MS C 117-diary-002

A typed war diary entry.

commission for of course they will have a most difficult time to get them transported since they were no so included. The Chief

Surgeon’s Office had also prepared to send a base medical supply depot to France and promised to get it off at the earliest

practicable date, not late than June 10th. As soon as I reported to General Pershing, he told me he had asked for me personally, which

is a source of much great satisfaction to me. Colonel Bradley is to be the Chief Surgeon of the Forces in France, which is another

source of great satisfaction to me. He will make an excellent Chief Surgeon and I know of no one for whom I would prefer to be a first

assistant. While the stay in Washington was unsatisfactory in many ways, I was greatly impressed with the consideration and great

affection with which I was received by so many many people in Washington. It really made a great impression on me which I will not

forget. The same expression of friendliness exists with all the fine men who were assigned to General Pershing’s Headquarters. I left

Washington the night of May 27th, arriving in New York the morning of the 28th, proceeding to Governor’s Island and we embarked on the

“Baltic” for Liverpool on the afternoon of the 28th.

Ship Board
The “Baltic” is a magnificant, twenty-three thousand ton ship with seventeen knots to her credit. Our accommodations were excellent.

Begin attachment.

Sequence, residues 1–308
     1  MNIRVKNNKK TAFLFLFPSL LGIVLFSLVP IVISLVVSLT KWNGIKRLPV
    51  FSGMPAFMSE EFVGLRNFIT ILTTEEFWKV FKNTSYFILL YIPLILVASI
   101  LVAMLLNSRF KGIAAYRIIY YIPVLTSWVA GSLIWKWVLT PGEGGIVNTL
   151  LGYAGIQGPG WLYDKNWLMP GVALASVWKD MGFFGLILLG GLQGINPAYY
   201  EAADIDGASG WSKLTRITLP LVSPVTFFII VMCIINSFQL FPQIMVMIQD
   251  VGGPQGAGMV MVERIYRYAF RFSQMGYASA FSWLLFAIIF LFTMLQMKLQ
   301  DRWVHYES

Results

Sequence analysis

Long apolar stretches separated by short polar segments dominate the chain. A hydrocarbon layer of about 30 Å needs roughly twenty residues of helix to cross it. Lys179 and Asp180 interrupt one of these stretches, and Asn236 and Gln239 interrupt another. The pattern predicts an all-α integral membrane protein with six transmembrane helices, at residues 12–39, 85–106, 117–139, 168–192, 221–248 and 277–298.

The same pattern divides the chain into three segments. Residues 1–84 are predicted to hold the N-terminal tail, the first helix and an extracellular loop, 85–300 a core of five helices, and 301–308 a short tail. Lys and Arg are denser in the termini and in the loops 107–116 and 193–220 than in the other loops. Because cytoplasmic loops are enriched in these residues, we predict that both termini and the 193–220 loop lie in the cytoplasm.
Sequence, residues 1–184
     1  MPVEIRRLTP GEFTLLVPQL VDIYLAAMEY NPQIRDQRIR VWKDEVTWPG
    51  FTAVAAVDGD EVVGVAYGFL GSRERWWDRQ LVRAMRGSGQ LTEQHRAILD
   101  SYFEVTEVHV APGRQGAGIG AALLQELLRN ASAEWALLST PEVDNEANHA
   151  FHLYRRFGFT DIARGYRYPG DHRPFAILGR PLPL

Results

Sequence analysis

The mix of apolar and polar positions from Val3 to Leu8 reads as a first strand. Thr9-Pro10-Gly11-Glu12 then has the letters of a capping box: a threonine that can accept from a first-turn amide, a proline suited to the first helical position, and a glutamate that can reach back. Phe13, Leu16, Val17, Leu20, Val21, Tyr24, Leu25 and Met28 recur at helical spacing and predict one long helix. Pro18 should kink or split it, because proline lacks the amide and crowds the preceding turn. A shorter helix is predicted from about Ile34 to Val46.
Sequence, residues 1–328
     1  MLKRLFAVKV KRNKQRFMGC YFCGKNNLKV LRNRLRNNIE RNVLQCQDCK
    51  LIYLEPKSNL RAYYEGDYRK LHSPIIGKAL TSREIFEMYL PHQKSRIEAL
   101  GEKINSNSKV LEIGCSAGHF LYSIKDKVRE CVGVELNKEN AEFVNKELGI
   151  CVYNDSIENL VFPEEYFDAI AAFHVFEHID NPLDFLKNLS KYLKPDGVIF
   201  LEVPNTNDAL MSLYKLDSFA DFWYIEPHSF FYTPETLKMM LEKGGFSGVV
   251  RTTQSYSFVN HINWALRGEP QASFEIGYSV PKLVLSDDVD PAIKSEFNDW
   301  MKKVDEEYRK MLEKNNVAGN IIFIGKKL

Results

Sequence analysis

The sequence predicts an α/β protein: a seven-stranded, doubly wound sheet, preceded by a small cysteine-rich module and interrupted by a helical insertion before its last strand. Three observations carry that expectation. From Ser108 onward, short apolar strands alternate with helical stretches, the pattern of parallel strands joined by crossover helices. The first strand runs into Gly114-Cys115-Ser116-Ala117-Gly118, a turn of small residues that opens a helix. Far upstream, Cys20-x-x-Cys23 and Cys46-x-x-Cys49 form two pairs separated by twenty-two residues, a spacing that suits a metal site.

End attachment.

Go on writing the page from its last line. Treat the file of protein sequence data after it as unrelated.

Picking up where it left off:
She was loaded down with about twenty-three thousand tons of food stuffs. We went away down the Bay in a large government tug to board

her. The trip over was without incident. After leaving New York, apparently we turned north and about noon on the 29th we practically

stopped and hung around outside Halifax Harbor until one o’clock of the morning of the 30th when we received orders to proceed. Nobody

knows the way in which we proceeded to England. I know the weather was extremely cold for a while and afterwards got warm. The general

opinion was that we were coming to the north of Ireland but about the time we thought we were going to turn south we actually turned

northeast and then it dawned upon us we had been greatly mistaken and had come far south in our course. On the way over many questions

were discussed. We examined Mount for his promotion. We gave typhoid and para typhoid at stated intervals to all officers, clers and

enlisted men. This treatment was instituted at Washington, on the afternoon of May 23rd. I was on a board headed by Colonel McCarthy

to consider the question of a port in France. When we figured up the requirements, I was quite surprised to lean that it will take

fifty thousand tons of freight a day to supply an army of a million men in France. This, in all probabilities, is an underestimate but

it shows the stupendous task. We were instructed as to the method of procedure in case we were torpedoed and were told very frankly

about the time we would arrive in the dange zone. We arrived in this zone about eight o’clock Tuesday afternoon, May 5th. The next

morning we found an American destroyer on each side of us, and the next morning we found

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